According to another aspect of the invention, there is provided a method of forming an infrared photodiode structure. The method includes providing a doped semiconductor layer comprising of ions of certain conductivity. Also, the method includes positioning an active photodetecting region on the doped semiconductor layer for detecting an infrared light signal. The active photodetecting region includes one or more amorphous semiconductor materials so as to allow for high signal-to-noise ratio being achieved by invoking carrier hopping and band conduction, under dark and illuminated conditions.
The invention proposes the use of amorphous alloys as efficient photoconductive detector materials. Amorphous photoconductive alloys such as As—Se—Te—Cu can be deposited using low-cost thermal evaporation or sputtering technique. Processing of these materials is compatible with current Si-CMOS back-end processes, and thus significant cost reduction can be achieved by leverage on the present Si VLSI technology. On the device performance side, two distinctive conduction mechanisms, namely carrier hopping and band conduction are found to be dominant in the amorphous alloys under dark and illuminated conditions, respectively, which leads to a high signal-to-noise ratio (SNR) of photoconductive detectors.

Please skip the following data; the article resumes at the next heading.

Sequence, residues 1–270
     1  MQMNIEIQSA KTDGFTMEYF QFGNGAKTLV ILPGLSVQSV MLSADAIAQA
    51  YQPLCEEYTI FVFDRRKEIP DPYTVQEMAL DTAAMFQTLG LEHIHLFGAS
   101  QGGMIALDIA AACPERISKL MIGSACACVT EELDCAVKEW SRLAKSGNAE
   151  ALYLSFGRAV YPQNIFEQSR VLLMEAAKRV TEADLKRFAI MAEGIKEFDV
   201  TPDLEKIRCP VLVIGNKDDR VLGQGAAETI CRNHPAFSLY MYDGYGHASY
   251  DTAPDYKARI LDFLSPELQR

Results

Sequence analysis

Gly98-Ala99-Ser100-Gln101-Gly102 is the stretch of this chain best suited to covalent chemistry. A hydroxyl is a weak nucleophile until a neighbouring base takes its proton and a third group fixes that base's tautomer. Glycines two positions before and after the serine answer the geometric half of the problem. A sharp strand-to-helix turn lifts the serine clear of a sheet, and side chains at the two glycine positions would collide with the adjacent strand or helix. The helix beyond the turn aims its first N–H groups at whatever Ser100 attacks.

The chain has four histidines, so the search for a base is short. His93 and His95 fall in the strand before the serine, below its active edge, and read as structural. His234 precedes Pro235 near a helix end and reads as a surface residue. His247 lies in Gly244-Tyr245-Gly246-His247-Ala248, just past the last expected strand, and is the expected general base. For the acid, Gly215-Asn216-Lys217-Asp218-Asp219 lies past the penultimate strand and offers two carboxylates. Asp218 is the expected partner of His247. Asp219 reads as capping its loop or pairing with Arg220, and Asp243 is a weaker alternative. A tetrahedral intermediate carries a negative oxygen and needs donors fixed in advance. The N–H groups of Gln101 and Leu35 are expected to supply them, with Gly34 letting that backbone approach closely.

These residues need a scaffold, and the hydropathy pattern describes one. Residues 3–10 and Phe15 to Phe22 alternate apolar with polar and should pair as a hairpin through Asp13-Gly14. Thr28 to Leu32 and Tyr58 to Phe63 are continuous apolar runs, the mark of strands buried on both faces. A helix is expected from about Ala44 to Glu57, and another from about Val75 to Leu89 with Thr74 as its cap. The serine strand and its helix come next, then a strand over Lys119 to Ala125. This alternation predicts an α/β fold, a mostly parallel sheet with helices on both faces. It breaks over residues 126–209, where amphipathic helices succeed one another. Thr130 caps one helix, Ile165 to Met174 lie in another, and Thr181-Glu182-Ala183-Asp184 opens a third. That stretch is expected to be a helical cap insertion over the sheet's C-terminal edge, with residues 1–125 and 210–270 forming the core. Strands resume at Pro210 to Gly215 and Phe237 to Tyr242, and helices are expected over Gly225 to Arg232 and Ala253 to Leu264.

According to the well-known Mott-Davis model, density of states (DOS) in amorphous semiconductors is schematically represented in
Band conduction usually features high mobility, since the movement of electrons or holes in the bands is only limited by scattering events; In contrast, during hopping, thermal excitation or quantum tunneling between defect sites 14 is necessary to obtain mobile carriers because such carriers have to overcome significant energy barriers, as shown in
in which Ni is the concentration of the i'th carrier and q is the carrier charge. Thus higher mobility suggests higher conductivity for the same concentration of carriers.